Autism Interview #173 Part 1: Noor on Autistic Identity, Acceptance, and Parenting Autistic Children

Photo credit: The Neurodivergent Collective

Noor is an Autistic Muslim woman of color and a proud mother to her Autistic daughter. She has two university degrees, one diploma, and many, many favorite books. She is passionate about the role of spirituality in healing and the power of writing our own healing narratives. Noor is a regular contributor to the NeuroDivergent Collective, a collective of Autistic experts from a wide range of fields who publish multimedia content on various topics pertaining to Autism, ADHD, PDA, Dyslexia, Tourettes and more, for the purpose of educating and informing families, individuals, educators, and Allied Health. This week Noor shared the life-changing experience of discovering her Autistic identity and how that has shaped her family relationships.

On your NeuroDivergent Collective profile, you state, “Knowing I am autistic means I can finally release the breath I didn’t know I was holding.” How did you eventually realize you were Autistic and how has your life changed since then?

I eventually realized I was autistic after giving birth to my children. As my first daughter grew older, she found more and more things challenging. And it was the birth of my second daughter, (my oldest was 2 ½ when we had our second baby) when things got really tough.

My oldest was obviously my first, and I didn’t know any better. I just thought she was always an intense baby who had lots of big feelings and was prone to colic and struggled to sleep. From the very beginning, despite some very well-intentioned but bad advice, my traditional “punitive” forms of parenting just never, ever worked for her. But what worked from the beginning was a more instinctive, intuitive, responsive, emotional regulation. This approach seemed to trigger a lot of people (who I now realize were probably punished as children for simply being children) who thought it was very strange to see me work hard to decipher and meet the needs of my oldest.

But my life changed after I realized, “Oh, my daughter’s autistic and so am I.” To be honest, my husband was the one who helped me put the pieces together because, as a mom, I was clearly very emotionally attuned to my children. While that gives me an advantage, that can make it hard for me to see my contribution sometimes.

It really helped when I realized that autism is just a different neurotype. I was never diagnosed as a child, a young adult, or even an adult. Seeing my daughter’s challenges significantly decrease when we finally figured out what was going on was life changing. I could allow myself to breathe over the fact that I just didn’t know any better, and I could give myself that compassion. A lot of unhelpful advice, like “she just needs more discipline,” or “she has to learn”-that came from other people’s unaddressed pain–I didn’t have to take that on. So I guess my life changed in the sense I could do better for my daughter, myself, and hold myself with more compassion.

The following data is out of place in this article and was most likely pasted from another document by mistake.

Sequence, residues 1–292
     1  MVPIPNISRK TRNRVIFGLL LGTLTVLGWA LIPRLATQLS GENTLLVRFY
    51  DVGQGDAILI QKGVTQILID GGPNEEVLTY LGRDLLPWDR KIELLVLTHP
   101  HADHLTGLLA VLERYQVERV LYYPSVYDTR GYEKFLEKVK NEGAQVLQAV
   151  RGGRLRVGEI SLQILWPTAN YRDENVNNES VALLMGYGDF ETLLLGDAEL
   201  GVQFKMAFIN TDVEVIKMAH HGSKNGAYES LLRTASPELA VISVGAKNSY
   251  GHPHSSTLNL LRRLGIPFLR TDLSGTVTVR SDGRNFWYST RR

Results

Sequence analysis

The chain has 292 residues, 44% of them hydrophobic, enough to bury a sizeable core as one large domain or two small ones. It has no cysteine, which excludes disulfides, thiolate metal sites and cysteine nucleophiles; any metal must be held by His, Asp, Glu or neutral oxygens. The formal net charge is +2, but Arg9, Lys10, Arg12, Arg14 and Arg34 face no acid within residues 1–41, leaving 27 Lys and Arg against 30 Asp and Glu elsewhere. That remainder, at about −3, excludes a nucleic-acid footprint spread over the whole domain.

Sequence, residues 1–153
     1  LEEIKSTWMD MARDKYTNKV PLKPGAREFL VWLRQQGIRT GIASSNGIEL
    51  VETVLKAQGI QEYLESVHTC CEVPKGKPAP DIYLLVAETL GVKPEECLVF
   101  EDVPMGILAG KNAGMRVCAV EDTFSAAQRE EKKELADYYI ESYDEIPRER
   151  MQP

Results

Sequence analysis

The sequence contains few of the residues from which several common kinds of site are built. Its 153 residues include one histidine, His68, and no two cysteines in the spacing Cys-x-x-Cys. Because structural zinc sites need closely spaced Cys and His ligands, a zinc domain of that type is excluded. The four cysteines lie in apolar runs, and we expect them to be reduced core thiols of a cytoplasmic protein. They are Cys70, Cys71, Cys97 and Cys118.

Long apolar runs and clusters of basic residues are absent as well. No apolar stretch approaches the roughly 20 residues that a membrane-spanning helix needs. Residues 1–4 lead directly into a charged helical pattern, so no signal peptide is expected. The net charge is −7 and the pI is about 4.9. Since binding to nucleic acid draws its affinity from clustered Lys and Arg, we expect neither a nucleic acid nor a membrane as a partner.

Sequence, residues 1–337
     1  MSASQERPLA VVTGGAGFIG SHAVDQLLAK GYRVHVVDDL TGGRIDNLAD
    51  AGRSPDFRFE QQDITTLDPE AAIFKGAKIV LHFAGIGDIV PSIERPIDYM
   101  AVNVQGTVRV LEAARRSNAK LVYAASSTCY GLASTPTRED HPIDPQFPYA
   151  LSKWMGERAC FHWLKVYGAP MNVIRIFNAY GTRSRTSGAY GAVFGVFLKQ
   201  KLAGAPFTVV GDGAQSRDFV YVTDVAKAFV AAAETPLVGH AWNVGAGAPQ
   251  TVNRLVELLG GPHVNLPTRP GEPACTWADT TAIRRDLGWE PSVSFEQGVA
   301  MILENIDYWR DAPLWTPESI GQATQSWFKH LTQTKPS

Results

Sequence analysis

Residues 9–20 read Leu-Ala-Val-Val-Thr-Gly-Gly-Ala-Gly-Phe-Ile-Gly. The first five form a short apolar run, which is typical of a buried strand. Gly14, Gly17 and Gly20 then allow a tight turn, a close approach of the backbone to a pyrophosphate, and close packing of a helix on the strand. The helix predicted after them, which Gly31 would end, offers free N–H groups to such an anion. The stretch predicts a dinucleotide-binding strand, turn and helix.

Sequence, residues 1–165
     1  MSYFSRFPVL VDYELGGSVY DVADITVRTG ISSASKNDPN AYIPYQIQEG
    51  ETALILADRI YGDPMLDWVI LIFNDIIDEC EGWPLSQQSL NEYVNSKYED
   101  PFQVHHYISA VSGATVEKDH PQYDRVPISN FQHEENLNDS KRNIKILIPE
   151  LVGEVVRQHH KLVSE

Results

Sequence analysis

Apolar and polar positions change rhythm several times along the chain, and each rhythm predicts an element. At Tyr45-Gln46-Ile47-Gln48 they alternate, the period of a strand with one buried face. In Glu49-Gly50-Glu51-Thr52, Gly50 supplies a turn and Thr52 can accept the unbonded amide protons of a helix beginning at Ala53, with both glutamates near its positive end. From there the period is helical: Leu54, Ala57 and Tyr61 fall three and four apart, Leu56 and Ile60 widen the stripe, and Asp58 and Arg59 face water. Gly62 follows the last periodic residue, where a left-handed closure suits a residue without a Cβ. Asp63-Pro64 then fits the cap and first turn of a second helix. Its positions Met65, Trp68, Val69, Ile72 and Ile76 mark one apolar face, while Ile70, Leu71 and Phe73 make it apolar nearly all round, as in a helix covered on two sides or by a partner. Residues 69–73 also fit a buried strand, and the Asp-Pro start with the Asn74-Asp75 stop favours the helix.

How does having your own diagnosis help you advocate for your Autistic daughter?

I am actually self-diagnosed. Because I am a Muslim woman of color, there are barriers to me obtaining a “formal” diagnosis from a health professional because a lot of the autistic experience is centered on a cis-hetero white male/cis-hetero white female (although the female representation of being autistic is fairly poor as well). It’s not as documented as it ought to be let alone for someone like me. I am a freelance writer, but I’m also the anchor parent and the main caregiver for my daughters, so I don’t have a particularly stable or lucrative income, and private diagnoses take a lot of money and time. I don’t have either at this point.

So, while it was really wonderful getting to know about Kristy [the ND Co. founder] and being so validated. Back when she did coaching calls, it was life changing just having one coaching call with her and hearing her say that being autistic runs in families, and it sounds like I fit the neurotype as well. She said she hasn’t met a PDAer [pathological demand avoidance] who hasn’t also got ADHD, so it was just so wonderful hearing that and being seen.

So just knowing that it’s not a character flaw, it’s not a failure on my part, it’s not my daughter being naughty–it’s simply the way we are, and we’ve been wired beautifully, wonderfully, perfectly in a world that is unfortunately extremely ableist…It helps me advocate for my daughter because I’m also advocating for my inner child, the younger me who had none of this kind of support, and that’s healing as well. It’s triggering in some ways because it’s incredible to see the amount of self-determination and freedom of expression that my daughter is safe to have in my home, which I was not allowed to have in my childhood home. So it’s a wonderful journey. It’s a true gift being able to know my identity and my daughter’s.